Students Represent AHN at Speech and Debate Tournament

October 3, 2016

Members of Academy's Speech and Debate club competed in a wide range of events on Saturday.

Photo Credit: Jamie Meyer (used with permission)

Members of Academy’s Speech and Debate club competed in a wide range of events on Saturday.

Saturday, October 1, 2016, the speech and debate year will begin for Academy’s Forensic Club. This first tournament of the school year will be held at King High School, and eight members of Academy’s debate club will attend. The members are eager to compete, and quickly took up the opportunity to fulfill their club motto: “Ever argued with an Academy girl?”

Then freshman Juliana Ferrie designed the Speech and Debate t-shirt. The saying is inspired by her mother's slogan, which she uses for her law firm.
Credit: Juliana Ferrie/Achona Online
Then freshman Juliana Ferrie designed the Speech and Debate t-shirt. The saying is inspired by her mother’s slogan, which she uses for her law firm.

Academy’s Forensic Club/League currently consists of a total of 22 members and is a club that teaches members how to improve their speaking skills, as well as their confidence in front of an audience. Due to the club’s need for time, it has been recently changed from a blue club to a gold club, and has meetings every Thursday.

By signing up for this club, each member commits to attending at least three all-day tournaments at various host high schools, as well as ample time to prepare for each event that they compete in. Most tournaments require that the students arrive at the school around 7:45 a.m, and the tournaments often do not end until 5:00 p.m. Before a competition, a student has the opportunity to choose from a wide range of events, which includes interpretative and debate events.

Interpretative events focus on the different aspects of speech. For example, students have the option to compete in Original Oratory, which requires them to not only write their own speech but also to memorize it in its entirety.

Debate events include six separate sub-categories. Each category requires a student to argue about a designated topic. For example, within Congressional debates, students model their debate off of the procedure of the U.S. Congress. During each session, students debate legislation proposed by various high schools.

Sophomore Audrey Gabbard explains, “I usually compete in Humorous Interpretation or Dramatic Interpretation, which are both within the interpretative events category. I like competing in my event because it’s not just memorizing speeches that are well-known. It is a way for me to express myself through art humorously and/or dramatically.”

Sophomore and first-year member Sydney Lowman signed up to perform an Oral Interpretation of literature. This interpretative event requires the competitor to perform a poem and a prose piece. The prose piece is an excerpt from a book that relates to the student’s poetry piece.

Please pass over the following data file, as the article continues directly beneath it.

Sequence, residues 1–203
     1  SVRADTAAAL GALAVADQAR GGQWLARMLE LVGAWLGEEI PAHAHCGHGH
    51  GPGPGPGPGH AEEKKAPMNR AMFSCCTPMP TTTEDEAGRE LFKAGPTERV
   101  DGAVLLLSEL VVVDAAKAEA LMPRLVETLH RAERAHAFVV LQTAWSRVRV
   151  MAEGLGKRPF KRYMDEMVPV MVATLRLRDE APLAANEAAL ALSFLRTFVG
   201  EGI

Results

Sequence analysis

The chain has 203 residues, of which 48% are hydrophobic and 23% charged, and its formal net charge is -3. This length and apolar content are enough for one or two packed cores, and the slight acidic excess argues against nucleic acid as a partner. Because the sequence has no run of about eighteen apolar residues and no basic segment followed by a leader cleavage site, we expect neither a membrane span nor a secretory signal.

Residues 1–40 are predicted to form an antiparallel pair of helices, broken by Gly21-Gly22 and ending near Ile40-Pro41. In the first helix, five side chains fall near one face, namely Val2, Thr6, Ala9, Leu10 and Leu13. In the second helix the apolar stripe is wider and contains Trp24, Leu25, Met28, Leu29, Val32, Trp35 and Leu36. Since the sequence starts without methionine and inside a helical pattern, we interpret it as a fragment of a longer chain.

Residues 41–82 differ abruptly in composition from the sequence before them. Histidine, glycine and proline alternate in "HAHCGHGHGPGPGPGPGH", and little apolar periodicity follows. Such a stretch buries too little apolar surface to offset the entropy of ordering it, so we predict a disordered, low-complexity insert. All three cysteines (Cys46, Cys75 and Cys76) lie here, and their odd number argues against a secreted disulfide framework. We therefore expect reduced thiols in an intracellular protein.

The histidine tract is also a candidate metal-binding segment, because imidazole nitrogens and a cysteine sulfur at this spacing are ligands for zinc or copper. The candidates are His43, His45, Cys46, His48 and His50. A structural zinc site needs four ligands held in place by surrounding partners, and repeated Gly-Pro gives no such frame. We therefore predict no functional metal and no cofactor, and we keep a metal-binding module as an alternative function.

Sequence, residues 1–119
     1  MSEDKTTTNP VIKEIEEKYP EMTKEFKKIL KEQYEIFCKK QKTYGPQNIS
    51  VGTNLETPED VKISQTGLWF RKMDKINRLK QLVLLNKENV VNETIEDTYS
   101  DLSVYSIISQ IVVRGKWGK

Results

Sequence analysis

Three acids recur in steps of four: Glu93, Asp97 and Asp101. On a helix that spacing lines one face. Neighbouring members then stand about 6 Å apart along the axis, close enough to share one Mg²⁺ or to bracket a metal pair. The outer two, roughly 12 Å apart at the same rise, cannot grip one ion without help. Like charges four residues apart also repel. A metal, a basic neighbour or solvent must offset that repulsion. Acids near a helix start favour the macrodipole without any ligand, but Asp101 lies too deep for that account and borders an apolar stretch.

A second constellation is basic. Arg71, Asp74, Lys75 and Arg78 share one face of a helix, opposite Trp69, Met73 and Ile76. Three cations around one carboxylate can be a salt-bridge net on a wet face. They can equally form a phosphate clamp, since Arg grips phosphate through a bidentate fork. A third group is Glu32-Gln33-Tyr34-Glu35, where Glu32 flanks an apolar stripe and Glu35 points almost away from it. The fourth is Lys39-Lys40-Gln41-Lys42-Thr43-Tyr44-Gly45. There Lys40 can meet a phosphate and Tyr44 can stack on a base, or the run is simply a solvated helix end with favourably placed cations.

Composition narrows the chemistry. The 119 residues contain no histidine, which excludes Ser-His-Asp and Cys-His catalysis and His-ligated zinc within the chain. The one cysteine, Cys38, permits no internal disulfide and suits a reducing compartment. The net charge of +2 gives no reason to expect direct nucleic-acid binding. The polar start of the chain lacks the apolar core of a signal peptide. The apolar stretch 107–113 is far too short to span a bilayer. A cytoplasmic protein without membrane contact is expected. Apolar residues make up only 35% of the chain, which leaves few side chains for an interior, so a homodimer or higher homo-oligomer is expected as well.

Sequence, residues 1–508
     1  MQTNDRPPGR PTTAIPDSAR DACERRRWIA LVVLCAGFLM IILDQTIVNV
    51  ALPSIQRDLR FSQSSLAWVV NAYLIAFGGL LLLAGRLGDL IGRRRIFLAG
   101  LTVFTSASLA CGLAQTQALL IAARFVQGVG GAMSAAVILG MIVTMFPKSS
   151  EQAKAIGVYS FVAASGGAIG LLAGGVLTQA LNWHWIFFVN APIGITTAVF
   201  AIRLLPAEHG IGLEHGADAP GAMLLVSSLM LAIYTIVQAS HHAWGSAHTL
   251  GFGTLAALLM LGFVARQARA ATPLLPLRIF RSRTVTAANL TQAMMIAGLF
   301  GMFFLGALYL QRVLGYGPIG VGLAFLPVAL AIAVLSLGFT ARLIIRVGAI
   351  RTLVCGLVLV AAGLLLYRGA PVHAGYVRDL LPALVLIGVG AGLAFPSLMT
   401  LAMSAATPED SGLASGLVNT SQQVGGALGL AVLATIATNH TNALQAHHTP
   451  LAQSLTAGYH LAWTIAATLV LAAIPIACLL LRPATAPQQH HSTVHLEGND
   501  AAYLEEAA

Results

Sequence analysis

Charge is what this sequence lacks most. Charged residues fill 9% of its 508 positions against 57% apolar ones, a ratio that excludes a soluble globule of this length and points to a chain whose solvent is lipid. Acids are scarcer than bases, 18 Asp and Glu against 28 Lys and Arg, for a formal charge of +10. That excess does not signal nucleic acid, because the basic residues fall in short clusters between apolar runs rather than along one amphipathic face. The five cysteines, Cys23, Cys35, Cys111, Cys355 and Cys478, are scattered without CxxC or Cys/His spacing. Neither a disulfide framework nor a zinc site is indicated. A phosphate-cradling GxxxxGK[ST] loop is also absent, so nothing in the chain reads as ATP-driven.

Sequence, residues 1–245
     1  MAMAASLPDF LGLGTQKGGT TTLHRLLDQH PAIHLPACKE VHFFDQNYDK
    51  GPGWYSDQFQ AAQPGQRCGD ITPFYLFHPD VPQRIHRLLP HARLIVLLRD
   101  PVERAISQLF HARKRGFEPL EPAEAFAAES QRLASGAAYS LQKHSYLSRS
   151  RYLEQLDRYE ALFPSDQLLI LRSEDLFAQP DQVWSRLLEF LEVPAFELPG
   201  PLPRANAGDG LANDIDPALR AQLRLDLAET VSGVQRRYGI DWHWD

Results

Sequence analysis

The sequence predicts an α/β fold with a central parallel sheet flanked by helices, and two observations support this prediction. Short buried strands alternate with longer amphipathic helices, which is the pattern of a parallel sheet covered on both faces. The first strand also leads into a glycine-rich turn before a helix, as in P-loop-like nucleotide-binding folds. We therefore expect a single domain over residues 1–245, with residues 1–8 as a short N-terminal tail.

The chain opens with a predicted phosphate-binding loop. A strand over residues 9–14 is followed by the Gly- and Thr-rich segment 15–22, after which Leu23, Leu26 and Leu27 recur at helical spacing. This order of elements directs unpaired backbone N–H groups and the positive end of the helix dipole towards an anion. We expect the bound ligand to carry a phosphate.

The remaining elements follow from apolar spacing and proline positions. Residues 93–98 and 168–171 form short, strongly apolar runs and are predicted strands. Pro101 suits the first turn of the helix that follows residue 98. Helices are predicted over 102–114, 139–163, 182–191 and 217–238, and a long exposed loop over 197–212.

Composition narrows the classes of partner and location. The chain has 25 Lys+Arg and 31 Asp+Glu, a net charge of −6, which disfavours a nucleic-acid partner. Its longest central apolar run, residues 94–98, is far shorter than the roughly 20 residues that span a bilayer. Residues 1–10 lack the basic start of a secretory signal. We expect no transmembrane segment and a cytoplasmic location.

Lowman states, “The first piece I will perform [the poem] is a slightly twisted take on the Cinderella story. My prose piece is about a lottery, but it is very creepy. I consider this category to be an event that is preparing me to go into the more challenging parts of speech and debate.”

The sophomores are not the only ones who will be showing off their speaking skills on Saturday. Freshmen members are not afraid to put themselves out there and have signed up for their first tournament without hesitation. Freshman Mei Lamison is eager to compete in her first tournament, and will also be participating in Oral Interpretation.

After a long day, the results from the tournament have been announced. Each girl contemplates their personal experiences based on their individual ballots filled out by the judges.

Lamison reflects on her past results, “It was very interesting to hear different people’s viewpoints on a variety of issues. I felt nervous when I was competing, but in the end, I felt confident.”

At her first tournament, Lamison won second place in her event, Oral Interpretation.
Credit: Juliana Ferrie/Achona Online
At her first tournament, Lamison won second place in her event, Oral Interpretation.

If competing isn’t their forte, some club members chose to observe the tournament in order to get an idea of the different events. Observing allows for interested members to obtain an understanding of the event they are interested in and opens their minds to possible discussion topics.

Freshman Sarah Munera states, “Observing was a lot of  fun and I learned a lot. I now know how to be well prepared for when I compete.”

The girls were eager to take pictures in front of the tournament's Photo Booth.
Credit: Jamie Meyer (used with permission)
The girls were eager to take pictures in front of the tournament’s Photo Booth.

Overall, the tournament at King High School is a great experience for new and past members alike to learn how each part of The National Forensic League works. Academy students leave the competition with an understanding of how they can improve their own techniques in future tournaments. Until then, the Forensic Club will be preparing for the next tournament, which is at Southeast High School on October 15.

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